Releasing its forecast this morning, Ulster Bank said it expects the country’s gross domestic product (GDP) to rise by 3.1pc in 2014 as the recovery becomes “more broadly based”.
It said that this year will mark the first since 2007 that exports, consumer spending, and investment will all be growing together.
The bank said that’s an important sign that Ireland’s economic recovery is looking “more sustainable”.
Ulster Bank had previously predicted that Ireland’s GDP would grow by 2pc this year.
Its revised prediction puts it on the same page as other forecasts released this month. It’s also expecting the economy to grow by 3.2pc in 2015.
Davy Stockbrokers said earlier in August that it expects the country’s economy to grow by 3.5pc this year, up from its previous forecast of 2.5pc. It also said that gross national product (GNP) would grow by 2.8pc this year and 2.3pc in 2015.
In July, the Central Bank also upped its economic forecasts. It reckons that GDP will grow by 2.5pc this year and by 3.3pc in 2015.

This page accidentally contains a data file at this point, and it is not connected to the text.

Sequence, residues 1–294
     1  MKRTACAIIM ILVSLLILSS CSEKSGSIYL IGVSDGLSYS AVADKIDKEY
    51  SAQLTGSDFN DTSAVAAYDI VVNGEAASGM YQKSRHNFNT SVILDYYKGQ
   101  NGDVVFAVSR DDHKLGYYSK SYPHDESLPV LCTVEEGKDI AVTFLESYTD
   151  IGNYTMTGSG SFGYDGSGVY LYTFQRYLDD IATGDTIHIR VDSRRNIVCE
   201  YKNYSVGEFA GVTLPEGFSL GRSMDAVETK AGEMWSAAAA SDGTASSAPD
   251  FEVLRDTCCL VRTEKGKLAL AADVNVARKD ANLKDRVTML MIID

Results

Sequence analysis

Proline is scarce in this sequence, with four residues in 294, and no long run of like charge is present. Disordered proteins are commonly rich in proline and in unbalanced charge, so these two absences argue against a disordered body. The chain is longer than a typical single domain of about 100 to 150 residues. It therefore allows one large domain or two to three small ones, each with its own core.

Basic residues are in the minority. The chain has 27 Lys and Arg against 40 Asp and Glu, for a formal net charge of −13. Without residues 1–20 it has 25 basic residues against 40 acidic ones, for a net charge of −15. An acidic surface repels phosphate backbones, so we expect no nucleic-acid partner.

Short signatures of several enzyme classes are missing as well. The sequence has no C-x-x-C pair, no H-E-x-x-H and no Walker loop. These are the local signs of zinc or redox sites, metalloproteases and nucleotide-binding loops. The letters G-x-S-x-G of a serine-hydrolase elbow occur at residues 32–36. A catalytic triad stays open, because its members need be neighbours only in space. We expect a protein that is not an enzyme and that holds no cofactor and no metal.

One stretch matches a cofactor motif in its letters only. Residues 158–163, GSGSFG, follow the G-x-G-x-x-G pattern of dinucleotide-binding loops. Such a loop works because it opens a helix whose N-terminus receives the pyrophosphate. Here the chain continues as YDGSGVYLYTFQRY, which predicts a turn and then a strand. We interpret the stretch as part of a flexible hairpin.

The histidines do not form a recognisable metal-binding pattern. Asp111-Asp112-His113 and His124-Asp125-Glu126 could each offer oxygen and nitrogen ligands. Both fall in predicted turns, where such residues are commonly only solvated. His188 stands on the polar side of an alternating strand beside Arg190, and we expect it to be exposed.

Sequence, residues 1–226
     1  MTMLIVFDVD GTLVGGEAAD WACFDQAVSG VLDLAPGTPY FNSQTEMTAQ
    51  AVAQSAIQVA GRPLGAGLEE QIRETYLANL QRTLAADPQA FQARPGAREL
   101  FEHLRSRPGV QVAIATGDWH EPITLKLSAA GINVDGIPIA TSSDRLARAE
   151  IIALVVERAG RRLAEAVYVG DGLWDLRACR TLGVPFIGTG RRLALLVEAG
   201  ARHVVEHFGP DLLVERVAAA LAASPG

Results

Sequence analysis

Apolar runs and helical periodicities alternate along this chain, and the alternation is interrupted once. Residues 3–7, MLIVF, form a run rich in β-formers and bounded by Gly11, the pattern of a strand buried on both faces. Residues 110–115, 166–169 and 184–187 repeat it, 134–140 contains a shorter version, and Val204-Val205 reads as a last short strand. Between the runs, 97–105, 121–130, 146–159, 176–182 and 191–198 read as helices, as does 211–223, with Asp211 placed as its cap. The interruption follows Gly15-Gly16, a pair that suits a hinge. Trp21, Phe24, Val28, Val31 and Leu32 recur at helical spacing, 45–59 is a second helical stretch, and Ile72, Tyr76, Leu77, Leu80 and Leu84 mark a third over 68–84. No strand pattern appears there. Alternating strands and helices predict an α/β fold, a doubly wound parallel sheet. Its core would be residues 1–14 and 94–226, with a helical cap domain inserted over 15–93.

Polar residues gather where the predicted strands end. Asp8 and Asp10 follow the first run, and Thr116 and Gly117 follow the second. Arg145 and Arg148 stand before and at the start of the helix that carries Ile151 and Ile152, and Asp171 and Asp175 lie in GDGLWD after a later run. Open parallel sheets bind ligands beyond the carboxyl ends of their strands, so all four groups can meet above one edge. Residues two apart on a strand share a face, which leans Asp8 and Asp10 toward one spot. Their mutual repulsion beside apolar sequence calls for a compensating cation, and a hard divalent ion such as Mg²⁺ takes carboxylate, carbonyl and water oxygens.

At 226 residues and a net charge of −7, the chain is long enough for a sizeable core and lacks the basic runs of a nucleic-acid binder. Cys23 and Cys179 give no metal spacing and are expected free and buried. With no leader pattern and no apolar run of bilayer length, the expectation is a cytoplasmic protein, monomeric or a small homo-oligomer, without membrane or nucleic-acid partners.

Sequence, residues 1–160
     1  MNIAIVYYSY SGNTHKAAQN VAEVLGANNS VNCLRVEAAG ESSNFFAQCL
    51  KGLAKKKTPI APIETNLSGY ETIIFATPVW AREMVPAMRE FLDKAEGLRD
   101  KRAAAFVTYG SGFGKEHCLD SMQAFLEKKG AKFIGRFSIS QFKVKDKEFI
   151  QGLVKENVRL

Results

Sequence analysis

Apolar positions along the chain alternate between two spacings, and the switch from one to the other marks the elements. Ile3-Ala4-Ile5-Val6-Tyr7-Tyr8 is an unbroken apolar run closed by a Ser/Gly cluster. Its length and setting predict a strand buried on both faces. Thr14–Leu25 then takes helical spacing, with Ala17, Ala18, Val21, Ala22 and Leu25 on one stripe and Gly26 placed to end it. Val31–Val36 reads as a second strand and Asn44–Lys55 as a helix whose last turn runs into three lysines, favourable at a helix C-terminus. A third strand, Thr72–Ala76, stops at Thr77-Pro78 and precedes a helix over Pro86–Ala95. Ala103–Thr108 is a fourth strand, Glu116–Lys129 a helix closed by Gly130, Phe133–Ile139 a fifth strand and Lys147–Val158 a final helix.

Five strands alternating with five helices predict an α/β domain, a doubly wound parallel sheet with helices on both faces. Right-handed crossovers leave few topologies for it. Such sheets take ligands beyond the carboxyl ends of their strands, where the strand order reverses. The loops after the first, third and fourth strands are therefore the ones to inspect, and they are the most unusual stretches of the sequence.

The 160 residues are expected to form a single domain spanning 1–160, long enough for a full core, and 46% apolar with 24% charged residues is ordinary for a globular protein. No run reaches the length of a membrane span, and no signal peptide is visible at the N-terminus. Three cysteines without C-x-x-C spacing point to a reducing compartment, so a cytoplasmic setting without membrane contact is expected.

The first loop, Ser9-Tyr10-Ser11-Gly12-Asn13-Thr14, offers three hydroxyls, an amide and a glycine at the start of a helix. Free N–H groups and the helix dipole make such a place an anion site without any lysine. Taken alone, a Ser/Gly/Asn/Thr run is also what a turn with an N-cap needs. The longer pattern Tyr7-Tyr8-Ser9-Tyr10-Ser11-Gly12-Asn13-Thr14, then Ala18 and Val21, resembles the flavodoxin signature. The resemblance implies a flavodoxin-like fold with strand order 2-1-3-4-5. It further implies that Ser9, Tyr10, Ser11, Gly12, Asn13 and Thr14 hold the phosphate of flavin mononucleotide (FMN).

“The main driver of the stronger near-term outlook is a much improved export performance, aided by the combination of improved growth momentum in Ireland’s main trading partners (especially the UK and US), and better trends in the pharma-chem sector as the drag from the patent cliff seems to have eased,” said Ulster Bank in its report issued this morning.
In June this year, the value of Irish exports increased by €439m, or 6pc, to €7.8bn, compared to June 2013.
“While high private and public sector debt levels imply some lingering downside risk to Irish growth prospects over the medium term, the near-term risk skew looks more balanced,” according to Ulster Bank.